10 Common Angel Investor Mistakes in Down Markets

By Dror Futter, Legal and Business Adviser to Startups, Venture Capital Firms and Technology Companies

For more than a decade, we’ve been in an U2R (up and to the right) venture market. As a result, many angel investors are confronting their first prolonged down market. Here are 10 common mistakes for angel investors to avoid as they consider new investments and follow-on investments.

  1. Throwing Good Money After Bad
    Your prior investment is a sunk cost. When a venture approaches you for follow-on investing, don’t think of it as “protecting” your investment – it rarely is. Also, don’t view this as dollar cost averaging – that may make sense in the public market but does not work in venture. Make the new investment decision on its own merits based on valuation, deal terms and the company’s prospects.
  2. Catching a Falling Knife
    Even though the company’s valuation has fallen by 50% since your initial investment, its new shares are not “on sale.” We have just concluded a period of excessive valuations. The process of rationalization of valuations, and the resulting write-downs, likely will continue for a while.
  3. Good News is Just Over the Horizon Syndrome
    Every venture has that one company-saving deal that has been “stuck in legal for months” and should close any day now. If it has not closed until now “they may not be that in to you” and is probably not the best data point on which to base your investment.
  4. Doubling Down Rather Than Diversifying
    Most Angel Investors are under-diversified. Academic studies have recommended 20 to as many as 50 ventures as the optimum diversification in this asset class. Rather than adding money to sustain struggling existing investments, consider using funds to diversify and have “more horses in the race.”
  5. Underestimating Zero
    Unless you are really unlucky, most public company shareholders will never see investments go to zero. Not so in venture. The majority will not return the initial investment and a large number will return “zero.” This is an unappreciated risk by many venture investors.
  6. Overvaluing Pro-Rata/Under-Valuing MFN
    Remember how important pro-rata rights were in 2021? In 2022, not so much. Many ventures will be all too happy to take your funds. On the other hand, if you are investing through SAFEs or convertible notes, make sure they have MFM (most favored nations) clauses. These clauses will give you the benefit of more favorable terms given to subsequent investors.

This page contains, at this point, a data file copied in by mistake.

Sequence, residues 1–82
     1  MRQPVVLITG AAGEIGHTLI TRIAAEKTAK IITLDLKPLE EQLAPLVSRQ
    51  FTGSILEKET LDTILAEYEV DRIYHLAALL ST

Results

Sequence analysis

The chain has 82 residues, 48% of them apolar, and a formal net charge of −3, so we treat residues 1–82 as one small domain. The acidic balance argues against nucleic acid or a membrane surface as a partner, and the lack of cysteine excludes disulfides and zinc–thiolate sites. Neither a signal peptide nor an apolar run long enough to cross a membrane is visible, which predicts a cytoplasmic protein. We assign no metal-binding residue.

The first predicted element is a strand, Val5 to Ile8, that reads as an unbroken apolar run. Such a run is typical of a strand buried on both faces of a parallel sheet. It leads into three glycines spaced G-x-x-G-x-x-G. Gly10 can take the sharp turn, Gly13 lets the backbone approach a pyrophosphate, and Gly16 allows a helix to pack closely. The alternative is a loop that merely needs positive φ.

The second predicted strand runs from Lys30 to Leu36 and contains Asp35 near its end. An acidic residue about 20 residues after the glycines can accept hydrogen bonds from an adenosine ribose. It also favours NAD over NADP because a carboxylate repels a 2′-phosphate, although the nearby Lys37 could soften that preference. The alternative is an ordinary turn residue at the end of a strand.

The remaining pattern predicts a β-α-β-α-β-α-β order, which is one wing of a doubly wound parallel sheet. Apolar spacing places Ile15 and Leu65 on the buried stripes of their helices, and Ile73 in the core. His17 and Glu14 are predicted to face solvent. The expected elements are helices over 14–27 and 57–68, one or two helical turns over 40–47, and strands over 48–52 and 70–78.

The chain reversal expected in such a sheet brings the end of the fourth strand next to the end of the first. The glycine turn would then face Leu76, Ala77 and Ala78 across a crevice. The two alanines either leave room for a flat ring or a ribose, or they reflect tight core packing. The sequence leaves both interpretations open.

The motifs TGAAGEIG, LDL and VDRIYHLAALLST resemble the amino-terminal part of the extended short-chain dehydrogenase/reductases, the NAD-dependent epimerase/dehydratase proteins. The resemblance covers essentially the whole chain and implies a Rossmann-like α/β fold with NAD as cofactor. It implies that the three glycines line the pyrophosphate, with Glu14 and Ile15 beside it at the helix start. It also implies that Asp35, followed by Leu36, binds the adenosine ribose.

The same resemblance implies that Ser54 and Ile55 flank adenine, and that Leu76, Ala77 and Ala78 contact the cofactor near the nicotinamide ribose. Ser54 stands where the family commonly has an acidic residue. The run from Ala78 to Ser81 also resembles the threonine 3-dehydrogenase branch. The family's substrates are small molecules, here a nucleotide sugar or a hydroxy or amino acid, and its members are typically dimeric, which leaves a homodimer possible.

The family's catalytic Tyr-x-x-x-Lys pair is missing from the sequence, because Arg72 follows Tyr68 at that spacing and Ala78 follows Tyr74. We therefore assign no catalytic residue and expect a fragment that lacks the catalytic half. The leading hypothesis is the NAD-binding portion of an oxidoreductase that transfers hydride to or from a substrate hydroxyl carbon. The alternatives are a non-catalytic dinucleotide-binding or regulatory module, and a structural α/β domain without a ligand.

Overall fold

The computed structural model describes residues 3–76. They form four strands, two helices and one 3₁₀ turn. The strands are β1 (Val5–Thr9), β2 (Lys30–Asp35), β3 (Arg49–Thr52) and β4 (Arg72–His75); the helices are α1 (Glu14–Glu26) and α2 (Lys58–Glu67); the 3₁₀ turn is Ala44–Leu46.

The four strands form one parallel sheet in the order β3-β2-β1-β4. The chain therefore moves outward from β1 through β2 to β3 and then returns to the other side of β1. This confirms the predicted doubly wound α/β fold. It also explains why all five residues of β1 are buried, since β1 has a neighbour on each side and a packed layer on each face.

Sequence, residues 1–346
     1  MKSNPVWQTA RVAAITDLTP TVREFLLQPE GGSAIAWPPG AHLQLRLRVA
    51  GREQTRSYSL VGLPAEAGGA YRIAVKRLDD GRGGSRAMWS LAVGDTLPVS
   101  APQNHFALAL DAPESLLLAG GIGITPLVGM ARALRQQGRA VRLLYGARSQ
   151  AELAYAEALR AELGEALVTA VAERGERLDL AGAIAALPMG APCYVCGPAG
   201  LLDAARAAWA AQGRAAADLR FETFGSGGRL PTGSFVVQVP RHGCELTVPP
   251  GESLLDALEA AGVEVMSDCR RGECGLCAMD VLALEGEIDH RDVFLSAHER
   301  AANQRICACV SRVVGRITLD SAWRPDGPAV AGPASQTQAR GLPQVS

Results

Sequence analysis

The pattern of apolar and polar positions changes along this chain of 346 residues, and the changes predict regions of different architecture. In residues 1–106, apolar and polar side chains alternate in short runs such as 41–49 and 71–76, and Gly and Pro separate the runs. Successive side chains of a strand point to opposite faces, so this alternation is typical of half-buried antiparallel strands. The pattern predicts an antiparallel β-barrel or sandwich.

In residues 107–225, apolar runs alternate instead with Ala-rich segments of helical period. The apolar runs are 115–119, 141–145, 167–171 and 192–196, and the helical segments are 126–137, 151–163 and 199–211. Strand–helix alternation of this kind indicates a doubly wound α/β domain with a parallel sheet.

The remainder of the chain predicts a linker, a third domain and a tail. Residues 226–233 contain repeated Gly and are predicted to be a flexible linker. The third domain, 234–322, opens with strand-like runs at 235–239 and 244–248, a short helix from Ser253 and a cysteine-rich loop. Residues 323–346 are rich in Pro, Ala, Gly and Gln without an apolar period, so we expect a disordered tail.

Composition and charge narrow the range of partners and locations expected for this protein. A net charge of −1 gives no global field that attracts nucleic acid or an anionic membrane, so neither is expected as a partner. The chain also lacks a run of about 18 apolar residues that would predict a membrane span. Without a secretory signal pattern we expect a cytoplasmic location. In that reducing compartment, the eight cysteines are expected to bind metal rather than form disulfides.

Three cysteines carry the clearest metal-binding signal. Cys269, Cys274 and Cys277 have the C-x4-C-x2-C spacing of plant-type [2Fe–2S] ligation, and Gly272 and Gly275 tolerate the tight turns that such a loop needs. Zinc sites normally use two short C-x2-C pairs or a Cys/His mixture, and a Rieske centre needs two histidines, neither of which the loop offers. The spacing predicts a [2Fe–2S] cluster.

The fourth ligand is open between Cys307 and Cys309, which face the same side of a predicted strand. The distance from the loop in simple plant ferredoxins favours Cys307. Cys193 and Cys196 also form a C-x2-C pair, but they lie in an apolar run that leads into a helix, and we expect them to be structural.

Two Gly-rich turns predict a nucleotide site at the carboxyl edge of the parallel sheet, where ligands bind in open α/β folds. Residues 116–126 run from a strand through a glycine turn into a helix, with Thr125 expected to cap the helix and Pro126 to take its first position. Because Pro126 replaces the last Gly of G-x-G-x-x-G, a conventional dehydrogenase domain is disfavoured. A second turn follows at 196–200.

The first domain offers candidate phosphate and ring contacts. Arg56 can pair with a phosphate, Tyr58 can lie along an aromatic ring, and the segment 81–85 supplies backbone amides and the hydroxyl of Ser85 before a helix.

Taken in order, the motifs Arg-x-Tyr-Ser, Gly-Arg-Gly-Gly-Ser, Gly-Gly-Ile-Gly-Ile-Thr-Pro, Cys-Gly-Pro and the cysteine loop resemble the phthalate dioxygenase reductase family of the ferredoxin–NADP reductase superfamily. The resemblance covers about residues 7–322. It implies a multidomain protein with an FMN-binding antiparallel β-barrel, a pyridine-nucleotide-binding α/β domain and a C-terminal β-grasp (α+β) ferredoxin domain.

7. Remaining FOMO Driven
    For the last few years, there has been a frenzied pace to investing. Lots of checkbooks out there and “U Snooze U Looz”. We are moving to a buyer’s market – so take a deep breath, ask the tough questions, perform due diligence and seek better deal terms.
  8. “So and So” Invested is Not Due Diligence
    Let’s be honest. Over the last few years, due diligence has kind of fallen out of favor. Especially in the early stage, investors would draw comfort from the fact that fund X or super angel invested. Turns out, in a lot of cases, they were not diligencing much either and in the current market you really need to do your homework.
  9. Forget TAM and Think Unit Economics
    Remember those breathless slides identifying a trillion dollar total addressable market and if the venture captures just 1% it will be the next Google? Those times are over. Now it is important to focus on unit economics and whether there is a realistic prospect of the venture turning profitable – on a cash basis, not just through an accounting metric.
  10. I Have Rights
    As a SAFE or convertible note holder, you have surprisingly little protection. You are likely not owed fiduciary obligations of shareholders and even if your note is treated like debt, the protections afforded creditors mainly kick in once a company is insolvent or approaching it. If your SAFE/Note have converted, the Age of Parri Passu is likely over. Your investment is likely to be buried underneath a senior liquidation preference.

About the author: Dror is a venture capital and technology attorney who advises startups and their angel and venture fund investors and helps more established tech companies negotiate complex agreements.